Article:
Shin splints, also known as medial tibial stress syndrome, is a common injury that causes pain in the lower leg. It is typically caused by repetitive stress to the shinbone and the tissues that attach the muscles to the bone. Shin splints are often seen in runners, dancers, and athletes who participate in activities that involve a lot of jumping or running.
The pain from shin splints is usually felt along the inside of the shinbone and can be described as a dull ache or throbbing sensation. Mild shin splints can usually be treated with rest, ice, and over-the-counter pain medication. However, more severe cases may require physiotherapy or orthotics.
Common symptoms of shin splints include:
A physiotherapist can develop a personalized exercise program to address muscle imbalances and weaknesses that may contribute to shin splints. This may include stretching and strengthening exercises for the muscles of the lower leg, as well as gait analysis to improve walking and running form.
Poor footwear can contribute to shin splints, so a podiatrist or athletic trainer may assess footwear to ensure proper fit and support. Orthotic inserts or custom orthotics may also be recommended to improve foot mechanics and reduce stress on the lower leg.
A biomechanical analysis can help identify any imbalances or abnormal movements that may contribute to shin splints. This can be done by a physiotherapist or sports medicine specialist to develop a treatment plan that addresses the underlying cause of the condition.
Proper nutrition can aid in the healing process and reduce inflammation associated with shin splints. A diet rich in anti-inflammatory foods such as fruits, vegetables, whole grains, and lean proteins can help reduce inflammation and promote healing. A nutritionist or dietitian can help you develop a personalised nutrition plan and assess your needs for supplementation.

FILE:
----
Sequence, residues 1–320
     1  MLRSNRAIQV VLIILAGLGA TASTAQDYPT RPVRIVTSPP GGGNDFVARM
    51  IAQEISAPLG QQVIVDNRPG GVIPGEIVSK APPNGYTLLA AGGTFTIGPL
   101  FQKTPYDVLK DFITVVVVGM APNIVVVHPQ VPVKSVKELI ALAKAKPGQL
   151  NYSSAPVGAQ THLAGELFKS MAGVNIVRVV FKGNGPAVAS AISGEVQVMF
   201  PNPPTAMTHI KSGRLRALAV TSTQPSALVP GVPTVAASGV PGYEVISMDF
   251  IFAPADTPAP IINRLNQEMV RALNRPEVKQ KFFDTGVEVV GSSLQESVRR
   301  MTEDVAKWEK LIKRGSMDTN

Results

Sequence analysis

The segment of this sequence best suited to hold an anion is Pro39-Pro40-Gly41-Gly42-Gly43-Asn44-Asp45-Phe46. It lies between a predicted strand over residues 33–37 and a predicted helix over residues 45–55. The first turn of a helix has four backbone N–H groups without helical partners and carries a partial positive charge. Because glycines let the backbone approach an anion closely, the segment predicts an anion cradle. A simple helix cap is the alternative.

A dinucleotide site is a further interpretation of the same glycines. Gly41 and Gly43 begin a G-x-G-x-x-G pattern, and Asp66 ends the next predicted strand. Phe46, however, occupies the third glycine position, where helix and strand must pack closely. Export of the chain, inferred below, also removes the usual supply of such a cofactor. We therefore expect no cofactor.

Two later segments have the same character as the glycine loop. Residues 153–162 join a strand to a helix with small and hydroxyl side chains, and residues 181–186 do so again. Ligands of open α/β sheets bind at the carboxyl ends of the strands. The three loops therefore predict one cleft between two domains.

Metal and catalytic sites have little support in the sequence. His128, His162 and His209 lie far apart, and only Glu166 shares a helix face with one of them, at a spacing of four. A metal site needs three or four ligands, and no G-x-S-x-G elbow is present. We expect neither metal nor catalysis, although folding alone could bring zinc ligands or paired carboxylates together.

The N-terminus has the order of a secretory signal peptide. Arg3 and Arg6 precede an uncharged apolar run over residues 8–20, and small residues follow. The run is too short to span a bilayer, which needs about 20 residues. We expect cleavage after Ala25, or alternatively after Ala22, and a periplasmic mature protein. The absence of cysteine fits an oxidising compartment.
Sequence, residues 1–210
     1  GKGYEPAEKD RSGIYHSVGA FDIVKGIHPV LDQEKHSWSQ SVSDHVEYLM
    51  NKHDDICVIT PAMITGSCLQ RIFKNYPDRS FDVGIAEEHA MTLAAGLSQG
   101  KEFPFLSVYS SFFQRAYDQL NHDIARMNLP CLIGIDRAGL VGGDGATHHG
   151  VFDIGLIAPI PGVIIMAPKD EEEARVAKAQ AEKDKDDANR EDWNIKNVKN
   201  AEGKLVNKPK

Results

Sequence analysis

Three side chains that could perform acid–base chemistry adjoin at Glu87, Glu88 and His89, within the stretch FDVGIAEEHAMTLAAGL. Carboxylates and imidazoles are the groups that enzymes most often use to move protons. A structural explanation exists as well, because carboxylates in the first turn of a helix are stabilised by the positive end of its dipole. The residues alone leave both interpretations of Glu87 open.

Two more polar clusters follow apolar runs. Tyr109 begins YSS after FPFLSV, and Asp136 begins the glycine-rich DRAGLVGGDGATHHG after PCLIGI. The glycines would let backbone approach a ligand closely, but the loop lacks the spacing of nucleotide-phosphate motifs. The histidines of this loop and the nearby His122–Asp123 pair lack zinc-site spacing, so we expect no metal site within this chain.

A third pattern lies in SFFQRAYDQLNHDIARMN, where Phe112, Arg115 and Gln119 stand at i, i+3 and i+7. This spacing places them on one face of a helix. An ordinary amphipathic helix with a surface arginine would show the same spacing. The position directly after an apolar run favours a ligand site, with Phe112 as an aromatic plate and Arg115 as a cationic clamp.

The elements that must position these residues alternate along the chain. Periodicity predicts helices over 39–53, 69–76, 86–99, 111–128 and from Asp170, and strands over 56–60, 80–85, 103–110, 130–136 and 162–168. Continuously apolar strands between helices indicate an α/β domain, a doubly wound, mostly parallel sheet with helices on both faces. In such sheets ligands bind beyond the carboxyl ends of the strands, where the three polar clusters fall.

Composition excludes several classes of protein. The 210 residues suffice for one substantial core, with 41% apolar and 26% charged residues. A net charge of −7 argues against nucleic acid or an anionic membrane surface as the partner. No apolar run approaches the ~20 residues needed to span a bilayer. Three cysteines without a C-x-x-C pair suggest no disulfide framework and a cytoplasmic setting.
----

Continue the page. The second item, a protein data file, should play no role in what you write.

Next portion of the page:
Taping or bracing the affected area can provide support and reduce stress on the lower leg muscles and tissues. This can be done by a physiotherapist or personal trainer.
Massage therapy can help reduce muscle tension and improve circulation to the affected area, promoting healing and reducing pain associated with shin splints. A massage therapist can develop a treatment plan tailored to the individual's needs.
Over-the-counter medications such as nonsteroidal anti-inflammatory drugs (NSAIDs) can be used to reduce pain and inflammation associated with shin splints.
Resting and avoiding activities that exacerbate pain is a critical self-management strategy for shin splints. It's important to allow time for the body to heal and recover from the injury.
Applying ice to the affected area can help reduce inflammation and alleviate pain. Ice should be applied for 20 minutes at a time, several times a day.
Stretching the calf muscles and Achilles tendon can help reduce tension and stress on the shins. This can be done through a variety of stretches, including toe raises and wall stretches.
Wearing supportive and properly fitting shoes can help reduce the impact on the shins during physical activity.
Gradually increasing the intensity and duration of physical activity can help prevent the onset or recurrence of shin splints.
Incorporating low-impact activities such as swimming, cycling, or yoga into a fitness routine can help reduce stress on the shins while maintaining overall fitness.
Massage can help increase blood flow to the affected area, reduce tension, and promote healing.